First I guess I need to make some jacks with different heads. Flat head, flat flanged stud head, etc.
Ultimately I am thinking I'll have to go back to the idea of shoehorning two vises on the machines. Maybe a pair of 4 inch screwless machined out to hold six inch stock to keep the weight down, and have the compact length.
4 inch mill vise or lockdown vise will not fit inside enclosure without hitting the doors. Just a hair too long. However my 6 inch screwless machined out fit just fine. I actually bought a couple 4 inch lockdowns for those machines. Oops. On the other hand they make great drill press vises. LOL.
Maybe it would be better to just sacrifice some of my tooling and make some fixtures with edge clamps.
I definitely do not need another cup of coffee this morning. LOL.
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If you don't mind modifying vises you could cut shallow work locating and clamping steps at the tops of the jaws and make support blocks the same height.
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"Jim Wilkins" wrote in message

If you don't mind modifying vises you could cut shallow work locating and clamping steps at the tops of the jaws and make support blocks the same height.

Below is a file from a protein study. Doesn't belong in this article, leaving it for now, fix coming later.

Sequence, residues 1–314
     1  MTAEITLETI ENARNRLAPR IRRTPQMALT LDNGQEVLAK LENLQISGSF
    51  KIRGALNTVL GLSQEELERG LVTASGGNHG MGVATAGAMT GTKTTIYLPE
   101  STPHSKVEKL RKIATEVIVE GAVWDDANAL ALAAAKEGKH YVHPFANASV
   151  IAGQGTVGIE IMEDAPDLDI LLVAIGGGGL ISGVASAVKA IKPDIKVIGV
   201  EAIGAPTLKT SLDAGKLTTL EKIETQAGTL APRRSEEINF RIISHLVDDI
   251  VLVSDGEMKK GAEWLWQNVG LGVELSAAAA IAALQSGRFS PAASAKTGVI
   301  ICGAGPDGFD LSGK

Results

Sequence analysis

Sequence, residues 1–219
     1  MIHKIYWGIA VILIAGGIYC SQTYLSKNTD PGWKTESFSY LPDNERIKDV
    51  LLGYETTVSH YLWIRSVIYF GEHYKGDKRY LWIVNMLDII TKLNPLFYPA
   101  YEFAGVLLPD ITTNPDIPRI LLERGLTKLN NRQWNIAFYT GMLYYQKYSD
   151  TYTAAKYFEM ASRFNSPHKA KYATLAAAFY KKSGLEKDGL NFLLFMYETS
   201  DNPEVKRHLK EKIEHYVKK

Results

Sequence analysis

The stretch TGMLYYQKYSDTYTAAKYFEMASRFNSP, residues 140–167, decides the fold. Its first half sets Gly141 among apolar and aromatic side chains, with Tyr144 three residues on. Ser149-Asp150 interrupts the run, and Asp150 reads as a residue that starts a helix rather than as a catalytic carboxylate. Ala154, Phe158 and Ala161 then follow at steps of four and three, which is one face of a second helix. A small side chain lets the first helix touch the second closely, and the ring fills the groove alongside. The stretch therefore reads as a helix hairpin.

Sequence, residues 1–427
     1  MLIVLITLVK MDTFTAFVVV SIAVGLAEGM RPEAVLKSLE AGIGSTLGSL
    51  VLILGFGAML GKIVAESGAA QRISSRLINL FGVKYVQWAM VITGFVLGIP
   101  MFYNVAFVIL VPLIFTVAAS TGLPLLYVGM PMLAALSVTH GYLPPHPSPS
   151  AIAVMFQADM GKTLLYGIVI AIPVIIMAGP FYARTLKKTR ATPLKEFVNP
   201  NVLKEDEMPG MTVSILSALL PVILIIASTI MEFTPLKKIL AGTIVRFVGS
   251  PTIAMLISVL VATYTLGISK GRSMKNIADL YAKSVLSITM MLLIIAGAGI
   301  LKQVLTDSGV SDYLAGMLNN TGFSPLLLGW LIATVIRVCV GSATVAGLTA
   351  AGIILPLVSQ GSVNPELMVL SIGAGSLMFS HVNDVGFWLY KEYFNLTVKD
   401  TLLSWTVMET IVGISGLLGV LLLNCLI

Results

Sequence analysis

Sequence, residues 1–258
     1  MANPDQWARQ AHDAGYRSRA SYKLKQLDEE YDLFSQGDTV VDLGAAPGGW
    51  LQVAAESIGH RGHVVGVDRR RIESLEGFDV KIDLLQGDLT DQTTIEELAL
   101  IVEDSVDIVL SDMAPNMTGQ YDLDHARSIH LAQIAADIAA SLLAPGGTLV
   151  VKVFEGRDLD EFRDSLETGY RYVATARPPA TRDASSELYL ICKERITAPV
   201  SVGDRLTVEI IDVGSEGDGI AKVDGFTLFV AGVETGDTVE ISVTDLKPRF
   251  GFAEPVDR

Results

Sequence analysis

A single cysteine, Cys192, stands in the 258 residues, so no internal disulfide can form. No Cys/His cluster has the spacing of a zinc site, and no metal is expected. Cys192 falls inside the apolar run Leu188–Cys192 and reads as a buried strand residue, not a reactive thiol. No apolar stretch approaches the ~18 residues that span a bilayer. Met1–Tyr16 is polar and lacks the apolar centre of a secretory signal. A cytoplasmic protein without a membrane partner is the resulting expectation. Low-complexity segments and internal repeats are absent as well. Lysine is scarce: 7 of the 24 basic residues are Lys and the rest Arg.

************
I definitely do not mind modifying vises. I have a bunch of screwless and except for my 1 inch insert vises which already have a stepped jaw I think I have machined at a minimum a stepped jaw in all of them. I've also machined stepped jaw or soft step jaws for most of my mill and lockdown vises. I think only the 2 4 inch lockdown vises and a 4 inch Enco swivel base mill vise I bought with some other stuff from a shop going out of business have original jaws in them. I lost count of how many vises I have a long time ago. Well over 20. Maybe over 30. I guess vises are one of my vices.
Anyway, mounting support blocks on the table and milling them to match the height of the jaw steps is a good idea. I can use 1" by X" aluminum flat bar to try it out, and then if it works upgrade to some more permanent pieces from 4140 or whatever I have on the bits and pieces shelf.
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My support block is a scrapped part from a prototype Segway.
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On Mon, 28 May 2018 12:32:08 -0400, "Jim Wilkins"

Or machine replaceable jaws in those shapes.
--
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--Robert Schaeberle